Breast cancer risk elevated in older women with first-degree family breast cancer history
Women older than 65 years with a first-degree family history of breast cancer* have an elevated risk of invasive breast cancer themselves, according to results from a recent study.
“[W]e found that first-degree family history remained an important risk factor for breast cancer even among women older than 75 years and that breast density did not significantly modify the association except perhaps in women with fatty breasts,” said the researchers.
The prospective cohort study was conducted between 1996 and 2012 using data from seven Breast Cancer Surveillance Consortium (BCSC) registries in the US. Based on the mammograms of 403,268 women aged ≥65 years, a total of 10,929 cases of invasive breast cancer were diagnosed over the mean 6.3-year follow-up period.
Women aged 65–74 years with a first-degree family history of breast cancer had an increased risk of breast cancer themselves (hazard ratio [HR], 1.48, 95 percent confidence interval [CI], 1.35–1.61), as was the case with women aged ≥75 years (HR, 1.44, 95 percent CI, 1.28–1.62). [JAMA Intern Med 2018;doi:10.1001/jamainternmed.2017.8642]
The association between family history and cancer risk was similar regardless of whether the first-degree relative was diagnosed with breast cancer before or after age 50 years (HR, 1.47 and 1.33, respectively for first-degree relative diagnosis at age <50 and ≥50 years, respectively in women aged 65–74 years and HR, 1.31 and 1.55 for first-degree relative diagnosis at age <50 and ≥50 years, respectively in women aged ≥75 years).
Breast density did not modify the link between family history and breast cancer, with a possible exception among women aged ≥75 years, where women with dense breasts and a first-degree family history of breast cancer had a slightly higher risk than those with fatty breasts (HR, 1.55 vs 1.08).
“Family history of breast cancer does not decline as a breast cancer risk factor as a woman ages. The relationship didn’t vary based on whether a first-degree relative’s diagnosis was made in a woman age 50 or younger, or older than age 50,” said study lead investigator Associate Professor Dejana Braithwaite from the Georgetown University School of Medicine, Washington DC, US.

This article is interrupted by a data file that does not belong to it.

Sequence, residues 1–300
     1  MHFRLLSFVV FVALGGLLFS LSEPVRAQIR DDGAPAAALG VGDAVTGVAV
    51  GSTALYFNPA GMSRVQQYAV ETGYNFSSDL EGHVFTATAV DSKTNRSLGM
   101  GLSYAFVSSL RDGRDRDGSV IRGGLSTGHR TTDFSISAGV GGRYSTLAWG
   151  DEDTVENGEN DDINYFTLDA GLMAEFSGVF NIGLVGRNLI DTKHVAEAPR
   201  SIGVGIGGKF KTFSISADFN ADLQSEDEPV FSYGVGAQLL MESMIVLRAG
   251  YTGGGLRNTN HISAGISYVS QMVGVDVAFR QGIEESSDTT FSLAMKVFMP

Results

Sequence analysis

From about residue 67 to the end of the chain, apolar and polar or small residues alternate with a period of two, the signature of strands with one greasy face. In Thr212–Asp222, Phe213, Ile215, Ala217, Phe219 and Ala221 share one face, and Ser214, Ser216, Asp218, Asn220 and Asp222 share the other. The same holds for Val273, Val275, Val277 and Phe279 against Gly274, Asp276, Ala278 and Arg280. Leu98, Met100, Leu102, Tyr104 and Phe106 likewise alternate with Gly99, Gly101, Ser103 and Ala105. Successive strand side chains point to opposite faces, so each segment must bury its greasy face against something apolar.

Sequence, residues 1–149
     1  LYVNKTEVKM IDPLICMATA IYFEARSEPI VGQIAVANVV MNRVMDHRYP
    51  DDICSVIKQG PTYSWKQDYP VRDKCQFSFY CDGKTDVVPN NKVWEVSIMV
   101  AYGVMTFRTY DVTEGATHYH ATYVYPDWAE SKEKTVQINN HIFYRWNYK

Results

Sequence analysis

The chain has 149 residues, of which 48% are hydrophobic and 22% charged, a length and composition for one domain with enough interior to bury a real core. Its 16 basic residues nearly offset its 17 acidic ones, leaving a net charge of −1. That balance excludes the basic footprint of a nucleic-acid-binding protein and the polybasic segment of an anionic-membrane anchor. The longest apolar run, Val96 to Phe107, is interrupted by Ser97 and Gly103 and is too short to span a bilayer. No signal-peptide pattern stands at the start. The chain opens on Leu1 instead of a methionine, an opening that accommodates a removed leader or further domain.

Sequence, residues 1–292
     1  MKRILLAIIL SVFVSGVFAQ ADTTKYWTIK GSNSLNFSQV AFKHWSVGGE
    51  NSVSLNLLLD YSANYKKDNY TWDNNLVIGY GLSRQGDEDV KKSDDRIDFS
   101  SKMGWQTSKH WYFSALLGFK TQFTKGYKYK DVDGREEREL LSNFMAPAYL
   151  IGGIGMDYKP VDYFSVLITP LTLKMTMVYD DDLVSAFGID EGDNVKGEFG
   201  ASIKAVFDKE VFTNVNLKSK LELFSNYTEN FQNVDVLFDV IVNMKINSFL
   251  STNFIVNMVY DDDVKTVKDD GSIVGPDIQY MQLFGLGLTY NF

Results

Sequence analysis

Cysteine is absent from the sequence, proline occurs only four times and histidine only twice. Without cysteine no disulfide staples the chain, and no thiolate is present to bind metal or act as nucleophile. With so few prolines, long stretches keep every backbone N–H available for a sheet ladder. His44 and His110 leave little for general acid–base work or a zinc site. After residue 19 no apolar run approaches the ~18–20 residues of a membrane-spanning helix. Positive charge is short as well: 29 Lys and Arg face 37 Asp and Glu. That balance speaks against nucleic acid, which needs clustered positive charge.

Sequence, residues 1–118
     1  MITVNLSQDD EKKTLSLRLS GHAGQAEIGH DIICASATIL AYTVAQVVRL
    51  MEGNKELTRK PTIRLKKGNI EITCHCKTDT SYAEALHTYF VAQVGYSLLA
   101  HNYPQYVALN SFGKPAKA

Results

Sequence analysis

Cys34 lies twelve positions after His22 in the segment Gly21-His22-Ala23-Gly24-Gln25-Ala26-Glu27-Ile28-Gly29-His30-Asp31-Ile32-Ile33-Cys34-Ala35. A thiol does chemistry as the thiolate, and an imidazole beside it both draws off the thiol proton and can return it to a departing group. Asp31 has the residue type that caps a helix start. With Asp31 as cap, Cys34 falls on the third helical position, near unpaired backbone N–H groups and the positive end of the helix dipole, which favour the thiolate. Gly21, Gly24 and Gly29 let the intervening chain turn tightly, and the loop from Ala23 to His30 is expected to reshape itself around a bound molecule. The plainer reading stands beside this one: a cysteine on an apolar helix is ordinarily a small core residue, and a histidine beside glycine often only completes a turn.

“This means that women with that first-degree family history – breast cancer in a mother, sister, or daughter – should consider this risk factor when deciding whether to continue mammography screening as they age,” she said.
According to the researchers, while family history is a strong risk factor for breast cancer in younger women, its role in the risk of breast cancer in older women has not been not established.
“As breast cancer screening guidelines change from age-based to risk-based, it is important to know how standard risk factors impact breast cancer risk for women of different ages,” said study co-author Dr Karla Kerlikowske from the University of California San Francisco Helen Diller Family Comprehensive Cancer Center, San Francisco, California, US.
“Although family history is not a modifiable risk factor, evaluating its impact is paramount for refining risk prediction tools and identifying high-risk older women for continued and potentially tailored mammography screening strategies,” said the researchers, recommending further study into identifying the mechanisms behind the family history-breast cancer risk link in older women.
“The goal of our work is to provide evidence that helps inform breast cancer screening guidelines for older women. Older women who are in good health and have a first-degree family history may consider a screening mammogram even as they age beyond the screening recommendations for average risk women,” said Braithwaite.